Shawshank Book vs Film

Shawshank Redemption
“Rita Haywort and the Shawshank Redemption was first presented in 1982, by Stephen King and hooked the hearts of the world’s readers. Literature reviews were immediately written about the book and quickly recognized as one of the years best. Rek Rehn, a book reviewer for Mouth Wrote: “This book is the jewel of the crown, a tender tale of hope, friendship and retribution.” Years later in 1994, Shawshank Redemption was again recognized by a wider audience. It was released as a major motion picture directed by Frank Darabont. The film presented very respectable actors, such as Morgan Freeman and Tim Robbins. “The Shawshank Redemption creates a warm hold on our feelings because it makes us a member of a family. Many movies offer us vicarious experiences and quick, superficial emotions. Shawshank slows down and looks,” said Roger Ebert of the Chicago Sun-Times. Although Shawshank Redemption is a excellent film, it is interesting to see that three obvious times the movie goes astray are when the director Mr. Darabont, chose to revise Kings book. It was not a good idea in all three cases. Steven king was the one with the better idea.

The first case is the beer scene. In the book, the guard gives beer to the inmates re-tarring the roof, as Andy had asked just like in the film, but the beer is warm in the book. Red even makes the point that it did not matter. “That beer was piss-warm, but is was still the best I ever had in my life” (37). Just drinking a beer in the sunlight made him feel like a free man. In the film the beer is served on ice. This does not make a very good point. Clancy Brown played Byron Hadley, captain of the guard, who was a nasty and brutal man that had the position of the warden’s right hand man. A guy who gives beatings left and right each time showing the audience a little more about whom his character really is. There’s no way he would have done one extra thing than the minimum his deal with Andy required. This might be a small thing to point out, but it shows the director’s desire to smooth over and gloss up the story.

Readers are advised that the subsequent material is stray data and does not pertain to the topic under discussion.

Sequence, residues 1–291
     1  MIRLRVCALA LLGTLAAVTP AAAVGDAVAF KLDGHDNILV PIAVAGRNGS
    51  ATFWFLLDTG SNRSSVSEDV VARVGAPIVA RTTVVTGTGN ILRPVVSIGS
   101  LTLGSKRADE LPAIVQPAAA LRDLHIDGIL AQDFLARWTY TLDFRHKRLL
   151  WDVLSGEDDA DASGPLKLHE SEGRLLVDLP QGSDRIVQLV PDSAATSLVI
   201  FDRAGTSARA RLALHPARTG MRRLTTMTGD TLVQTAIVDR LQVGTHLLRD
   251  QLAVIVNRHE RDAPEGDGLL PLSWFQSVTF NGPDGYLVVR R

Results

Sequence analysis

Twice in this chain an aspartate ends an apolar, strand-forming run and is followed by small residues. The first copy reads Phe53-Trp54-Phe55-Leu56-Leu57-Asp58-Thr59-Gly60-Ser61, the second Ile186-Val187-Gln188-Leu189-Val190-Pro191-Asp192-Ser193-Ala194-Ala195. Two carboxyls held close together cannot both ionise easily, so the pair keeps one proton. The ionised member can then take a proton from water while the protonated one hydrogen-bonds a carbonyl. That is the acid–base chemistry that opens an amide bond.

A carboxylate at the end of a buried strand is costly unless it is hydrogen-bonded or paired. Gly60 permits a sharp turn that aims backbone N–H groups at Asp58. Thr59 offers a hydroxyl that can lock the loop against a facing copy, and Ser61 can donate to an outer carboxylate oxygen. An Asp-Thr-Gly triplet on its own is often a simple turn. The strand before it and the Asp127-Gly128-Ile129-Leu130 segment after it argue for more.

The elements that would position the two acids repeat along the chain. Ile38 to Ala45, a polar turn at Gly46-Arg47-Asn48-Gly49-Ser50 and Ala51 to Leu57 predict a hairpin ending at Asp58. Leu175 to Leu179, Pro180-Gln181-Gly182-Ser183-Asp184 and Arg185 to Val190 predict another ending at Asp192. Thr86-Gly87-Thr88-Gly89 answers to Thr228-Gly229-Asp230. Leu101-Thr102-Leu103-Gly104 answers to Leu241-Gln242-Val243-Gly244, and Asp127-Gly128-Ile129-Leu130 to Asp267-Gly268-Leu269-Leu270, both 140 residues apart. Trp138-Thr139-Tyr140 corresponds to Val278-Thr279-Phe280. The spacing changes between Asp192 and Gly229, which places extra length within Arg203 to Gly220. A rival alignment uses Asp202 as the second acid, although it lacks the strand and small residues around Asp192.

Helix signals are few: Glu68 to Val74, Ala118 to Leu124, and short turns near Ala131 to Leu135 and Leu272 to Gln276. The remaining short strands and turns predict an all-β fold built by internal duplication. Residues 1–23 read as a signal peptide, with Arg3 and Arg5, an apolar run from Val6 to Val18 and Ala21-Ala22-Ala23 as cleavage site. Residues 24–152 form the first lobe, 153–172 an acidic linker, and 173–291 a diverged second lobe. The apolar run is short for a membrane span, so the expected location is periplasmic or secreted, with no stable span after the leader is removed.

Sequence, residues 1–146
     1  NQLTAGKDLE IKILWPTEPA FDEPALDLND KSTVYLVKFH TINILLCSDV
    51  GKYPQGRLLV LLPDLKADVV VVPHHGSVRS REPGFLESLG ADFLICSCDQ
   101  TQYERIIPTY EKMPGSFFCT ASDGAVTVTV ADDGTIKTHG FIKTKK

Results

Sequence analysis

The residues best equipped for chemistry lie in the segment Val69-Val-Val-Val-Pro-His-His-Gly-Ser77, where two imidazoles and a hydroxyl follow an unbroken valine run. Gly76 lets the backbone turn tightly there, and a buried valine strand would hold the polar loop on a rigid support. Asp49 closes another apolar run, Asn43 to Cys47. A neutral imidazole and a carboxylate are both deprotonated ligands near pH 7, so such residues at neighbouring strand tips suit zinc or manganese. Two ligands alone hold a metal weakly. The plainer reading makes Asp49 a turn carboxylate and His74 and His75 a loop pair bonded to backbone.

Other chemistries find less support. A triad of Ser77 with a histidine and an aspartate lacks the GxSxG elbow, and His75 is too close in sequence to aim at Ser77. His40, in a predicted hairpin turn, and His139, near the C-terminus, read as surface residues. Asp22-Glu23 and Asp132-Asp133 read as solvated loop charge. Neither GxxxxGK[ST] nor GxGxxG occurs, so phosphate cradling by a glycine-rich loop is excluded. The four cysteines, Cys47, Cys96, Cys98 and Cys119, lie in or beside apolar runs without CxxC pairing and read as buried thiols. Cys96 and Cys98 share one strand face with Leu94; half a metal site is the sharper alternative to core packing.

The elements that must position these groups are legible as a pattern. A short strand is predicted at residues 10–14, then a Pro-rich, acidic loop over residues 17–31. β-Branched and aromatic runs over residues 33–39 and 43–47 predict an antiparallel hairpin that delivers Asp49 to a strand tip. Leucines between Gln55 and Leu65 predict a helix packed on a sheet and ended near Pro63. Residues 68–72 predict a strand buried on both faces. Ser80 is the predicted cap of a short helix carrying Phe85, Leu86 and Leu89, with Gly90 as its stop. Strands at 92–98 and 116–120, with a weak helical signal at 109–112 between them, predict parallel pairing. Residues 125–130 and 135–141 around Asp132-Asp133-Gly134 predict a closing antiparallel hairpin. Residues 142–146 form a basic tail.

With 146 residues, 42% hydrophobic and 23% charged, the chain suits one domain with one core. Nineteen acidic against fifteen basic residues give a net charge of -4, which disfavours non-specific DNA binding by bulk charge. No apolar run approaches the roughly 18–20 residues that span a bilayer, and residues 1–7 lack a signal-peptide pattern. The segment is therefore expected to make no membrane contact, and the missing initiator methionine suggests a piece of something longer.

Red’s search for the tree in the film makes it seem like he finds the fence and the tree almost immediately. He was only dropped off and just looked around for a while and there it was. “A rock with no earthly business in a Maine hayfield” (99). There is a paragraph of description in the book that could have been used as a good voice-over for the film. Therefore, not adding on more second to the running time, but really improving the moment in the story. In the book, Red talks about looking every weekend for weeks, walking around not knowing if the spot he is looking for had turned into a shopping center or a housing project. Why cut this part out of the movie? For all the viewer knows, the director may not of had enough time to fit in such a small yet important part to the film.
The last scene of the film is just like the beer subject mentioned earlier. The director continues to make his so-called improvements. The book ends with Red traveling to Mexico. ” I hope Andy is down there. I hope I can make it across the border. I hope to see my friend and shake his hand. I hope the Pacific is as blue as it has been in my dreams. I hope” (101). He does not know if he’s going to find Andy but he has regained his ability to hope. That rebirth of optimism is the true happy ending. The kissy face reunion on the beach while the theme music grows louder is just a bit of overkill and it obviously shows that the director did not trust the book. It was all their no schmaltzy excess was required.
The director’s ability to make this movie great was there, but one might wonder if it could have been better if Darabont took a more detailed approach toward the book. Mr. Darabont did something right though to have his movie receive seven nominations at the academy awards. This point of view shows that nothing is perfect and that anything looked at with a different perspective can be better. The book takes us deep into the physiological insights, a place that may never be created by the film.